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Forensic outreach liaison service (FOLS)
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About the service
FOLS LD/A provide enhanced care and treatment in a community setting to keep individuals out of secure hospital and prison, by working to reduce their risk of encountering the Criminal Justice System in the first place.
We support men and women aged 18 and above who have a learning disability and/or autism that have come into contact with the criminal justice system/a secure hospital or are at risk of doing so.
The Trust FOLS LD/A team consists of a variety of multi-disciplinary professionals from:
- Occupational therapy
- Social work
- Speech and language therapy
Each professional has a range of specialist experience of working with individuals with a learning disability and/or autism, displaying high risk of concerning/offending behaviours. Additionally, as a team they have an extensive knowledge of the forensic/criminal justice system.
The service provision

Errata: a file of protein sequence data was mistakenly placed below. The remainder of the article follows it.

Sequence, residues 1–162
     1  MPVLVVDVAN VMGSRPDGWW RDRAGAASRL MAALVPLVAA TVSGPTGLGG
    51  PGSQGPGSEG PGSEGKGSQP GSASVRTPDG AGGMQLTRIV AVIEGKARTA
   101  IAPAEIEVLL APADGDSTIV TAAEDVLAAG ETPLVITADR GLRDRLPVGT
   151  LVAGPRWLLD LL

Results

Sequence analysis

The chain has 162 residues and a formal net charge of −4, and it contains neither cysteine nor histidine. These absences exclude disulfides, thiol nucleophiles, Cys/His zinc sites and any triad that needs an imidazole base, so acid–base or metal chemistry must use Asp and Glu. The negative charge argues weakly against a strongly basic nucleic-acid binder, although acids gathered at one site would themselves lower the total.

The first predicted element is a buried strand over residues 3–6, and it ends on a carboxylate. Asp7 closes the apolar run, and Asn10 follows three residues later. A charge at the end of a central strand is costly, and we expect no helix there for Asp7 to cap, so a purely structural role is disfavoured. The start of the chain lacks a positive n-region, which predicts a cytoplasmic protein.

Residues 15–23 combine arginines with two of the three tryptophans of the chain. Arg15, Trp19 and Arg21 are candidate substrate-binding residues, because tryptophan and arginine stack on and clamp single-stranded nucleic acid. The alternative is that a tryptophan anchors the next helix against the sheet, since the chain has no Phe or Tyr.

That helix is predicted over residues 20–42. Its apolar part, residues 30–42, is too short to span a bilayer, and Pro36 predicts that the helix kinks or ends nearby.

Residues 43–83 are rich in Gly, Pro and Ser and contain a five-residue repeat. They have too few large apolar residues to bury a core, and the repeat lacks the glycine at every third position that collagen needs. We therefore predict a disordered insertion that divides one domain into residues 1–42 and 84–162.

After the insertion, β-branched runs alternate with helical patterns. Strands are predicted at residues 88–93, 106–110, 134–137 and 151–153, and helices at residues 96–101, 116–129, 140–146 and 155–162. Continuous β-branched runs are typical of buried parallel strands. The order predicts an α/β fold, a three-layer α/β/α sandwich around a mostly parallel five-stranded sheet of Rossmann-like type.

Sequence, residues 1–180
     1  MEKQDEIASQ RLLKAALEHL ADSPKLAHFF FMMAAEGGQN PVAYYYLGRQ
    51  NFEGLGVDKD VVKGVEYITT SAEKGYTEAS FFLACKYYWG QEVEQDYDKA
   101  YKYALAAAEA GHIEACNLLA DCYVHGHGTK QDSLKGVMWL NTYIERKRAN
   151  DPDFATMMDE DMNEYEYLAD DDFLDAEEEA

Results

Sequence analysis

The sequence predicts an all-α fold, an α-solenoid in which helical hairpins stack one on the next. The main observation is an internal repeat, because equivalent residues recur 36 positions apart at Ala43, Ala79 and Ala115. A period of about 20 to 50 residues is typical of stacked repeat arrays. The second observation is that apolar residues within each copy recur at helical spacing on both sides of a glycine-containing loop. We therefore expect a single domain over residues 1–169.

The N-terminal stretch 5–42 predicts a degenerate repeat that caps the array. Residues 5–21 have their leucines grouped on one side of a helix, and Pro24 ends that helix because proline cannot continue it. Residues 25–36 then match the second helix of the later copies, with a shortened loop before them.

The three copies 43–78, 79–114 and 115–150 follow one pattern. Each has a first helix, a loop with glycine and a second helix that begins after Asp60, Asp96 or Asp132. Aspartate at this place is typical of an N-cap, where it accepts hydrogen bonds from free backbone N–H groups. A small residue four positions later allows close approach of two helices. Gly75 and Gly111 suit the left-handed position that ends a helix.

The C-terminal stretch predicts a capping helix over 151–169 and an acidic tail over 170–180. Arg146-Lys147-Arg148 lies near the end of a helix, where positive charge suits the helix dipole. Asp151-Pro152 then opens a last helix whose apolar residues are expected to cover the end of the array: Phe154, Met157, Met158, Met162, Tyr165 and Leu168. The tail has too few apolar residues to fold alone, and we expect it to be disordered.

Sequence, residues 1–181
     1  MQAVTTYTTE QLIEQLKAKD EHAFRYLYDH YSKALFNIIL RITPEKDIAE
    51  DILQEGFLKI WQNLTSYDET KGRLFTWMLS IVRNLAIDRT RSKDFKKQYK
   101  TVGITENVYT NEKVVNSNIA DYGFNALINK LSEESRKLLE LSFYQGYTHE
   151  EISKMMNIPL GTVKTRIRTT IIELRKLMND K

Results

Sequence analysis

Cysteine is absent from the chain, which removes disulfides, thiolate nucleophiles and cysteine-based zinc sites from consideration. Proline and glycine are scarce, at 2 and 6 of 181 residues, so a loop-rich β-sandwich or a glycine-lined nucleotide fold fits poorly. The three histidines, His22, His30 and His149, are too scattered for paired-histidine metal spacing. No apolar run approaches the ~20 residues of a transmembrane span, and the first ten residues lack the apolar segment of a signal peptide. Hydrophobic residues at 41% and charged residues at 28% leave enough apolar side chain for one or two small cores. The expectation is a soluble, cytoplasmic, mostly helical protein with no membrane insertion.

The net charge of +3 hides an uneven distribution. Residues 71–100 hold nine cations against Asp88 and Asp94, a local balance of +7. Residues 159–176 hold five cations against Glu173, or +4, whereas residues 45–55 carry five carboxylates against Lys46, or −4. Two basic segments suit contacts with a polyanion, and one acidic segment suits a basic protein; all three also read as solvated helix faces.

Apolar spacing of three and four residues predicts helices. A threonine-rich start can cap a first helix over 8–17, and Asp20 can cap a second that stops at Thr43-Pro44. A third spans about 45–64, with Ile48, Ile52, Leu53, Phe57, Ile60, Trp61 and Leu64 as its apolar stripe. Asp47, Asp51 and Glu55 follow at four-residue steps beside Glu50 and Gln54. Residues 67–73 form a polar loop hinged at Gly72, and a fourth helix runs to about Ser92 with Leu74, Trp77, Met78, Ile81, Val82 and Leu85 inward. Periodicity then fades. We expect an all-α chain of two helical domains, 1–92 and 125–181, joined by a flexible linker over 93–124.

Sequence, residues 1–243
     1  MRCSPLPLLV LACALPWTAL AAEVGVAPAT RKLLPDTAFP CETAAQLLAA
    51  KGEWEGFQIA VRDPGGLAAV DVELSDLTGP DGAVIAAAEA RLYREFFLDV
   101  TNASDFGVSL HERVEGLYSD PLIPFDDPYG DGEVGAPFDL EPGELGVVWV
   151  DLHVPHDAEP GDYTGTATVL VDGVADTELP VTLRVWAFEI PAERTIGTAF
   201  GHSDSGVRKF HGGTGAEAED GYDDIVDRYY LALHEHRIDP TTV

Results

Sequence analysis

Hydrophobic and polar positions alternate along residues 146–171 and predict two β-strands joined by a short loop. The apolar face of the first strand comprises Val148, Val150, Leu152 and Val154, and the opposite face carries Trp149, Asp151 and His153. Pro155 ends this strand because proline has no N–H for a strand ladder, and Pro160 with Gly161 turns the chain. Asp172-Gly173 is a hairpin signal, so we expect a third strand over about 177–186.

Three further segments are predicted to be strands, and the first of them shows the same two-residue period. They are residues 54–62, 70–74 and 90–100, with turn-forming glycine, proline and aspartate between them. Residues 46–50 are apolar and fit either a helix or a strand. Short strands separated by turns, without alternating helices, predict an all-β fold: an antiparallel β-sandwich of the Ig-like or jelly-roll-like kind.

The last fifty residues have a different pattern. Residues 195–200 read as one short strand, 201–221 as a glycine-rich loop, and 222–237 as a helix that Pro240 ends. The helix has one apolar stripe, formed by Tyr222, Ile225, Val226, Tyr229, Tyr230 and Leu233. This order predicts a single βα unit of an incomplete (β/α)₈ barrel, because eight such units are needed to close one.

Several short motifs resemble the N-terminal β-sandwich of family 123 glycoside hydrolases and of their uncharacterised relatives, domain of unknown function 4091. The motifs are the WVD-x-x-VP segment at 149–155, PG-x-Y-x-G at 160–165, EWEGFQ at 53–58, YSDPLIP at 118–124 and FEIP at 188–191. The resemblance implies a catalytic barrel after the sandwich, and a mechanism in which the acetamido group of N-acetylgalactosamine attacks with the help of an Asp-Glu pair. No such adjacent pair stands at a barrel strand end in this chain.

Guided by the ‘Transforming Care; National Service Model’, FOLS offer six core functions:
- Forensic risk assessment and management
- Offence specific interventions
- Case management
- Support and training to those who provide day-to-day support in the community
- Consultation and advice
- In reach support
- Forensic outreach liaison service information
- Leaflet for referrers
- Leaflet for service users
- Flyer for service users
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Why would someone choose the service?
- Our team work with you to understand your individual needs
- We can support you to contact other services to help to keep you well and safe such as housing, training, social activities
Staff you may meet
- Administrative staff provide essential support to doctors, nurses and other healthcare professionals. This can be in a variety of different settings, with administrators working as a receptionist in a clinic or a clerk on a ward. They may also be working closely with a consultant as a medical secretary.